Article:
Monday, July 1, 2013

Heat Wave Dangers

     Summer has finally arrived, which has brought people out of hibernation from those cool, damp, windy transitional months. Summer can make a big entrance, with cook outs, graduation parties, pool parties, and vacation plans. Of course, all of these activities sound enticing but it is important to remember summer can increase the likelihood of health risks.

     High temperatures can affect the health of a number of different age groups. Knowing how heat can affect us can help prevent heat fatalities.

Heat Stroke
     Heat stroke is when the body is unable to regulate its temperature. According to the Centers for Disease Control and Prevention (CDC), “the body’s temperature rises rapidly, the sweating mechanism fails, and the body is unable to cool down. Body temperature may rise to 106 degrees F or higher within 10 to 15 minutes.”

A few signs of heat stroke
  • Hot and dry skin 
  • Inability to sweat 
  • High body temperature (anywhere above 103 degrees F) 
  • Headache, nausea, speedy pulse 
  • Dizziness, nausea, and confusion 

     Neil Roy, M.D., of the emergency department at Meritus Medical Center said, “The key sign of heat stroke is a change in mental status. Anyone that is hot and confused needs to be seen immediately.”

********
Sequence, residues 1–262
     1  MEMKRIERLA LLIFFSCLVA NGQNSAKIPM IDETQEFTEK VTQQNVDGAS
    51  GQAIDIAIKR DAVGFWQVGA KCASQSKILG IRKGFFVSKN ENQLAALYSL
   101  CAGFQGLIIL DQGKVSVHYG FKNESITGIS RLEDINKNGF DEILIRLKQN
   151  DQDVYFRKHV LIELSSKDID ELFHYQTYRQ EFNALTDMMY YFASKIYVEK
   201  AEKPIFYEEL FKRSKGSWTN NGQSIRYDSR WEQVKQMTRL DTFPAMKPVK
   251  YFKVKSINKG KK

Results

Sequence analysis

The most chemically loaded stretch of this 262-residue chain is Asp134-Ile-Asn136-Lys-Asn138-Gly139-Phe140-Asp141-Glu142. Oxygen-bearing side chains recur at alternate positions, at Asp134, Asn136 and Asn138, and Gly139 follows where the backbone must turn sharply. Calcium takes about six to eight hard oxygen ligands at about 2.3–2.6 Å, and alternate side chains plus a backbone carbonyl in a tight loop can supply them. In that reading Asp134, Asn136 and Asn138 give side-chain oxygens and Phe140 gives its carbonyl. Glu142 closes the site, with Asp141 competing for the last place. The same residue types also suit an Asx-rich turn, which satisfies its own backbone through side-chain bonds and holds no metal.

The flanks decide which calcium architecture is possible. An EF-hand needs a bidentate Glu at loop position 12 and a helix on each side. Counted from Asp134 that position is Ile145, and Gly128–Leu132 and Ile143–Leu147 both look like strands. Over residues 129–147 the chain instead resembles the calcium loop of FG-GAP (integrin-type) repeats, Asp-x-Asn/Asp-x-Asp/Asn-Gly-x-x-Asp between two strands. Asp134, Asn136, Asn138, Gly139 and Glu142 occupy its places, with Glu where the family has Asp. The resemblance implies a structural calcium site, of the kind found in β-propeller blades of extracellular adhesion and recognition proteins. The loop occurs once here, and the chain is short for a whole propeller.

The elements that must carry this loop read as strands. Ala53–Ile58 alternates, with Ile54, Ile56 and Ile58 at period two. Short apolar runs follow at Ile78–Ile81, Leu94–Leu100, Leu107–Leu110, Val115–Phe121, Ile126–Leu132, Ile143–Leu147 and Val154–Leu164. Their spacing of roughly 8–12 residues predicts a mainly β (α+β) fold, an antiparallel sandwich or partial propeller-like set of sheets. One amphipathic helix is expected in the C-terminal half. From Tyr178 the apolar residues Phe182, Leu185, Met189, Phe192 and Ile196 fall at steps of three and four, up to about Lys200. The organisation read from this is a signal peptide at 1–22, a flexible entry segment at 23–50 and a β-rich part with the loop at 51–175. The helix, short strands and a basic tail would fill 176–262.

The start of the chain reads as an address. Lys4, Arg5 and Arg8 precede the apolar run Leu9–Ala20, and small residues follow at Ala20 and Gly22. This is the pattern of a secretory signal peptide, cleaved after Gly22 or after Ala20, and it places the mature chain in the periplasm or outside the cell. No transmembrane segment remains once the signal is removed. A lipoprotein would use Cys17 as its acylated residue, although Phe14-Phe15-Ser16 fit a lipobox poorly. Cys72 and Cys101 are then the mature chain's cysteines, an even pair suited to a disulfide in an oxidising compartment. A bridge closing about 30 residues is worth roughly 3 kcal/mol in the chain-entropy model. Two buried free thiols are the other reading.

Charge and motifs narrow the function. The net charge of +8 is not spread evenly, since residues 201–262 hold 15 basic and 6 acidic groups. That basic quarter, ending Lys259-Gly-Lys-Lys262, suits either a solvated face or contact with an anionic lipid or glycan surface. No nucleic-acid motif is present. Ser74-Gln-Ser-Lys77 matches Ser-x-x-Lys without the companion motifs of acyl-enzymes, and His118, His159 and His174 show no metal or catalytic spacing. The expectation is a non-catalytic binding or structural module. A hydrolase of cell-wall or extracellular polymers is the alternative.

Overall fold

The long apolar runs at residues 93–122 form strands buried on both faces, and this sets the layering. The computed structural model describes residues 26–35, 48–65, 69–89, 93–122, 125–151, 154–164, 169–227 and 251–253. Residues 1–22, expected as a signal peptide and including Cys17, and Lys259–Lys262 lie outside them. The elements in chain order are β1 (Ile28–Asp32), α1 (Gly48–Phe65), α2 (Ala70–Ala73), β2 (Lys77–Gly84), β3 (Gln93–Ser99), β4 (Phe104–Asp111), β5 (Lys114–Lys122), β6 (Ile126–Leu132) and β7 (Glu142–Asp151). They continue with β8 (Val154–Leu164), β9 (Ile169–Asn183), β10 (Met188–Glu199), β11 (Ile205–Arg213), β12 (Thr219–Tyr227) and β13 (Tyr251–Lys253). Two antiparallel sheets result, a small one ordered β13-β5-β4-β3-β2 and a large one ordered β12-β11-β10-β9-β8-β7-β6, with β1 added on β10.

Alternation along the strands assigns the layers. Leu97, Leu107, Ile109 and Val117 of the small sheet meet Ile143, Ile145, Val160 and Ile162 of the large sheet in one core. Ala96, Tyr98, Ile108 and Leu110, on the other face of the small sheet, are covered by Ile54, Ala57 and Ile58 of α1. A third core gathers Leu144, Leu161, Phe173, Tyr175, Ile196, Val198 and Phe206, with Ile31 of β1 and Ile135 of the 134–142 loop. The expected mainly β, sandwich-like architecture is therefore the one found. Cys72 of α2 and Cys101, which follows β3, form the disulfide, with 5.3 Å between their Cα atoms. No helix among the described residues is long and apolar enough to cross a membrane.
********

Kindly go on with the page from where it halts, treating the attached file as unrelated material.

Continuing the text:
Heat Cramps
     When the body does not have enough salt and moisture heat cramps may begin. Dr. Roy said, “Replace electrolytes and minerals: Heavy sweating removes salt and minerals from the body that must be replaced. The best way to replace these minerals is through consumption of fruit juice or sports beverages. Do not take salt tablets unless directed by a physician.”

     According to the CDC, heat cramps are found normally in the arms, legs, or abdomen because of a high performance task or activity.

What to do about heat cramps
  • Stop the activity and rest 
  • Drink juice 
  • If cramps do not settle after one hour, call a doctor 
     Dr. Roy also cautions against the excessive consumption of alcoholic beverages. “Alcohol affects both your body water regulation as well as your ability to adjust to heat leading to an increase in heat exhaustion heat stoke and severe dehydration,” Neil Roy said.

Enjoy the warmth this summer, but make sure to be on the lookout for heat-related illnesses. Stay hydrated!

By: Meghan Burket

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